lieved that the only way to house a lot of people in a small space is to stack them in a skyscraper, this is not strictly true. The flaw in the argument is that it is necessary...

D an egeld

The Spectator

Weekend. (Con tinentale.) —Women of the World. (Cameo-Royal.) (Both 'X' certificate.) Weekend (though the Danes / know spend their weekends otherwise) confirms what one has...

Page 19


The Spectator

A Rhythm of Conviction By JOHN DANIEL G EORGE ELlor has always been something of a monument, to her own time and to ours. From a distance she has sometimes re- sembled that...

Page 20

Only Yesterday

The Spectator

Bum these books deal with post-war Britain but, setting out from much the same starting point, arrive at very different conclusions. The Age of Austerity describes a revolution...

Alfred the Great

The Spectator

IN retrospect, one of the greatest charms of early nineteenth-century cricket is the sense of occasion which seems to have distinguished even the humblest matches. These days...

Page 21

Trotsky: A Romantic Version

The Spectator

The Prophet Outcast : Trotsky 1929-1940. By Isaac Deutscher. (O.U.P., 45s.) TROTSKYISM has had a modest revival lately. The master's name has figured prominently in the...

Page 22

No Flies on Tom

The Spectator

Tote MBOYA is one of the shrewdest African politicians in the field; his persistent success in the political tumult of Kenya, despite vigorous enemies at home and abroad, is...

Brendan the Gab

The Spectator

Hold Your Hour, and Have Another. By Brendan Behan. (Hutchinson, 21s.) THE dedication is to Brendan Behan's wife Beatrice (who is also responsible for the illus- trations,...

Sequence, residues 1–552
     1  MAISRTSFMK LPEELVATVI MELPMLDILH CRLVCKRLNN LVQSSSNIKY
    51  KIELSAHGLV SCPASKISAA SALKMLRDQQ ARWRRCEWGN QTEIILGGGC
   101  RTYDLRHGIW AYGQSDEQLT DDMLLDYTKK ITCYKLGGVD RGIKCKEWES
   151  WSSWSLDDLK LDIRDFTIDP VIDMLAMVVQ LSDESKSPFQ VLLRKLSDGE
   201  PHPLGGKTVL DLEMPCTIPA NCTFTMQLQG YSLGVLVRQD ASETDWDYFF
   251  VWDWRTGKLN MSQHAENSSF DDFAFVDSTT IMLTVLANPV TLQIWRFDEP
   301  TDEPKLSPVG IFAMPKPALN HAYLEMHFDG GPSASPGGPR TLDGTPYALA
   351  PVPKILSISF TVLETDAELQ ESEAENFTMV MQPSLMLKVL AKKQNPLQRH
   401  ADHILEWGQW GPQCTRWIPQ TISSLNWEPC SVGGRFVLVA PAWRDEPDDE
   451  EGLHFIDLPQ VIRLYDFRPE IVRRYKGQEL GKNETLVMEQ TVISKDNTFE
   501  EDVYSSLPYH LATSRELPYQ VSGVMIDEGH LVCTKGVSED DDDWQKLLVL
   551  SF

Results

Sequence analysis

Man of Letters

The Spectator

Essays on Literature and Ideas. By John Wain. (Macmillan, 30s.) IF Mr. Wain could only be nastier or more pre- tentious, everyone might be more frightened of him: as it is he...

Page 23

A Young Pedant

The Spectator

Harder and harder now to get back to the books Open and uninviting on his desk. The hour of strain to point one sentence told On his pupils, too, surprised at his maundering Or...

Tropic of Boredom

The Spectator

The President. By Miguel Angel Asturias. Trans- 30s.) 'THERE exists • a curious book by an American anarchgt, Benjamin R. Tucker, entitled INSTEAD OF A BOOK BY A MAN TOO BUSY...

Page 25

its latest publicity film is on show to the public,

The Spectator

in a theatre next to the visitors' gallery, from this week. A body called the Wider Share Owner- ship Council published a report earlier this year which called bravely for...

Page 29

Investment Notes

The Spectator

By CUSTOS T HE excellent reports received from couR- TAULDS, DUNLOP and BIRMID at the end of last week made certain that the new account this week would open on a bullish note,...

Page 31

Consuming Interest

The Spectator

Capability's Child By ELIZABETH DAVID' IT has taken - two years for Mastering the Art of French Cooking* to cross the Atlantic. The book is the work, of three authors,...

Company Notes

The Spectator

By LOTHBURY A s we go to press, Sir Edward Lewis, chair- man of Decca, will have given shareholders a full report on the company's results for the year ended March 31, 1963,...

Page 32

Stamping Ground

The Spectator

LESLIE ADRIAN THE trading stamp war has now mobilised Boots, Sains- bury's, Marks and Spencer, W. H. Smith, Mac Fisheries and Victoria Wine (to name but a few) into a...

Page 33


The Spectator

By ALAN BRIEN Scrutiny has not yet reached the famine price of Astounding Science Fic- tion (complete • sets of which are now bargains at $600) but £45 for a photo- graphic...